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YouTuber/Live Streamer On Scene!


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Do you have the Experience or even training to deal with someone such as this with a camera and a mouth?

 

 

Okay, that is why you do not walk on the bed. Yet the overwhelming majority of drivers do it daily. As an Operator there are fundamentals that were ingrained into you early in your career. This is one of those! Did the guy with the camera get in the drivers head, that's a possibility as variables at an accident scene and a sense of urgency can lead to a change in proper procedure. Take the time to walk around, from a safety prospective stay off the bed as much as possible.

 

Now there are numerous other lessons which can be taken from this video. Looking for replies...

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OOUCH  start at 20:25 to cut out the Trash talking at the beginning. 

 

But media training is not a bad idea for a job that might regularly be performing in front of cameras. 

 

 

Steve W.

Los Angeles, CA

FSP Operator

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Never had a issue with a camera yet, most are just the vehicle occupants recording the scene. Not sure how to handle someone not associated with the scene, say a bystander... I suppose the best advise is to control your scene and ignore them. If they enter your scene (space) then ask them to back up for their safety. Stress over and over from their safety. Thinking body cams at some point, cause they don't generally like to be recordsed themselves I have noticed from the video's. Anyone think there may be a touch of mental illness or lack of something driving these interrupters. I think it has more to do with a few minutes of YouTube Fame! Harassing the Cops, something to be Famous For.... NOT!

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>   If they enter your scene (space) then ask them to back up for their safety. 

 

Thats a good basic rule to follow but you have to stress the following.  Do not single them out because they are holding a camera.  If the general public is allowed in an area someone holding a camera is also allowed.   So how this translates to our business is if a camera person is standing on the sidewalk next to the truck and pedestrians are walking by also then you really have no leg to stand on. If you are actually concerned for thier safety then get with the police at the scene to close a sidewalk or have them put up some tape to allow an area for a flying broken winch cable.

 

And you made a designation about them being not associated with the scene.  A bystander.  in the US once a person starts gathering information with a camera, notebook or observing the scene they are now a member of the press.   And our first amendment grants them protection to do thier job.   Your employees interfering with that could run afoul of some laws in some states.  In CA for instance the Bane Act.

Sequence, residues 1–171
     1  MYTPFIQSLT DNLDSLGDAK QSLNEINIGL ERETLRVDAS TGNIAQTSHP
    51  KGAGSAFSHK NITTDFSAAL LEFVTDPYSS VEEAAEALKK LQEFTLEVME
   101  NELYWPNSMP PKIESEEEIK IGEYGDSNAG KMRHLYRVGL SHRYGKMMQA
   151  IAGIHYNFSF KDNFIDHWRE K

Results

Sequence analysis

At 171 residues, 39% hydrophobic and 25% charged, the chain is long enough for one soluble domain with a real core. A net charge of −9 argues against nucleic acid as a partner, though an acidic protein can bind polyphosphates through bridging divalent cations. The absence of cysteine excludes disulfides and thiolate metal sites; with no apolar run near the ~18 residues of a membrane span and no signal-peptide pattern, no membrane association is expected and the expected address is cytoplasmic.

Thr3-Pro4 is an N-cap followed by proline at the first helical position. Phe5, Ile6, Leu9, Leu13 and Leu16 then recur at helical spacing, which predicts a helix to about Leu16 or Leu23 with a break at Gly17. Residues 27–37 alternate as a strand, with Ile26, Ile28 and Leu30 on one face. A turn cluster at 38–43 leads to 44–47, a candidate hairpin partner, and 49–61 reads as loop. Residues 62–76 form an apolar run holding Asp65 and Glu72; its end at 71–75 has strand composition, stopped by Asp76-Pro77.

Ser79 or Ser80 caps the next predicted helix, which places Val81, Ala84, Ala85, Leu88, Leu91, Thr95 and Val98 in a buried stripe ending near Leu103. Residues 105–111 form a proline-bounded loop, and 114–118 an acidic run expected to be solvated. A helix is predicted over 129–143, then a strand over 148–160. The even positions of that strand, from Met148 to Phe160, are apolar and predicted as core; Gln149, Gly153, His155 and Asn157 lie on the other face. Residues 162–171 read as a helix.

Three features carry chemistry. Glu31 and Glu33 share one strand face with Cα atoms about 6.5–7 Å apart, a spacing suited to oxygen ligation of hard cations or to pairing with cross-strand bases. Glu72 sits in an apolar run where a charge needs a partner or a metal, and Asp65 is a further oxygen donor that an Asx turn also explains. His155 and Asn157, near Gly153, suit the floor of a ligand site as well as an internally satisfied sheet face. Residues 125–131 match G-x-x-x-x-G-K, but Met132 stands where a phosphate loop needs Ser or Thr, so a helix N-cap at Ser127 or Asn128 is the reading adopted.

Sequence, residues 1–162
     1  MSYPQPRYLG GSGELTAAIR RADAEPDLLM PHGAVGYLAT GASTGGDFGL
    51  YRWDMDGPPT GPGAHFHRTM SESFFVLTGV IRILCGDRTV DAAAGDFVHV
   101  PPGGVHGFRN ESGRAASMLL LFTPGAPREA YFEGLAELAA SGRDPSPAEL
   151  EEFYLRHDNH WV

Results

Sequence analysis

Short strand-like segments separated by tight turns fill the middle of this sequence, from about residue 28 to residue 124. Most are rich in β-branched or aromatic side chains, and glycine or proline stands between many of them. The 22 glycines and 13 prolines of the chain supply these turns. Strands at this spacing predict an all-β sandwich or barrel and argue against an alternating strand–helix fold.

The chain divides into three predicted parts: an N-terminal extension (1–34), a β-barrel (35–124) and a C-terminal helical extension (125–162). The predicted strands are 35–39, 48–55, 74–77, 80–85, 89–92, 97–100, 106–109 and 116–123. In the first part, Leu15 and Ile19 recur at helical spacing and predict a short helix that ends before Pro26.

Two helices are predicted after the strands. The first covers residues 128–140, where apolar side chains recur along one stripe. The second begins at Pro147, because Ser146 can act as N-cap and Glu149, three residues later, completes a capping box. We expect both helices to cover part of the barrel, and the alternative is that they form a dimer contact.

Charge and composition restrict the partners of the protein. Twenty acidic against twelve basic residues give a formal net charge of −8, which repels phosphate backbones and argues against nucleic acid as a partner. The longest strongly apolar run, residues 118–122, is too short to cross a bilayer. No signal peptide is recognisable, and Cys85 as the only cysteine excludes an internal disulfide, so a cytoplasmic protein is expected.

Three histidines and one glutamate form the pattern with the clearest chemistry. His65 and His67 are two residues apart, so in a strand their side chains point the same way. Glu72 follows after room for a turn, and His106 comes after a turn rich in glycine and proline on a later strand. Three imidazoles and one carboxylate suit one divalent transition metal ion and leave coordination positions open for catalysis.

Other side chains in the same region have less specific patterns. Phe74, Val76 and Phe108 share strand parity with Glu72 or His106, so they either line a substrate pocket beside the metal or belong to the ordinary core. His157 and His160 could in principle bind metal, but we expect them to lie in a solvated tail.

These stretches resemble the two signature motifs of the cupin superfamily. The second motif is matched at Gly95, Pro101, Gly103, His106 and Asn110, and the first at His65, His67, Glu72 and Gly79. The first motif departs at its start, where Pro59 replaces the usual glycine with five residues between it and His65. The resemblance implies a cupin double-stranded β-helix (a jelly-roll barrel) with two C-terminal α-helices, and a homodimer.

https://leginfo.legislature.ca.gov/faces/codes_displaySection.xhtml?lawCode=CIV&sectionNum=52.1.

 

 

 

Steve W.

Los Angeles, CA

FSP Operator

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Steve W, Thanks it seems we may need to consult our attorney of what a Safe Working Perimeter is in say feet. My thoughts have been within a range something could come strike the person such it come loose while loading the damaged vehicle. Now, how do you define that range. obviously the sidewalk would be acceptable as long as the vehicle (s) was not located there or within an unsafe distance. This is all still rather foreign to most of us having not dealt with it in the past. Being proactive is far better than being reactive.

 

A is it acceptable to permit someone into you work zone that identifies themselves as media regardless what type of media they are. What manner would you ask them to back up. Say they get in the way, lay on the ground to get a camera angle. As the tow op what is your responsibility for their safety, cause obviously they are going to sue for the smallest infringement of their rights and any injury which occurs. Say you laid a chain on the ground and they trip over it, that a lawsuit... Are we going to have to define the recovery scene using some OSHA standards? Obviously that would likely entail a work zone marked with cones and hard hats required. Do we go that far, just throwing it out there.

 

Is there an attorney in the industry that is willing to address this issue?

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My rule of thumb has always been to keep people back as far as the amount of line I have out OR the distance of the overall length of my truck in circumference . Whichever is longer or logical.

Being in a college town and performing a fair amount of ppi work at times, I get recorded all the time by people that are usually not even directly affected by the work I am performing. I have had occasions where I am heckled, called names etc.. I look at it simply, If what I am doing has nothing to do with the person talking s#!t or recording me, I just totally ignore them. As long as they stay back away from my work zone and dont touch me, my truck/gear or the vehicle I am loading, they can say or do whatever they want. It in no way hurts my feelings that they will play their little video for their friends and call me all sorts of names. I am not out there to impress anyone. If any of them there start asking me questions, I ask "is this your vehicle?' if they respond no, then I say nothing further to them.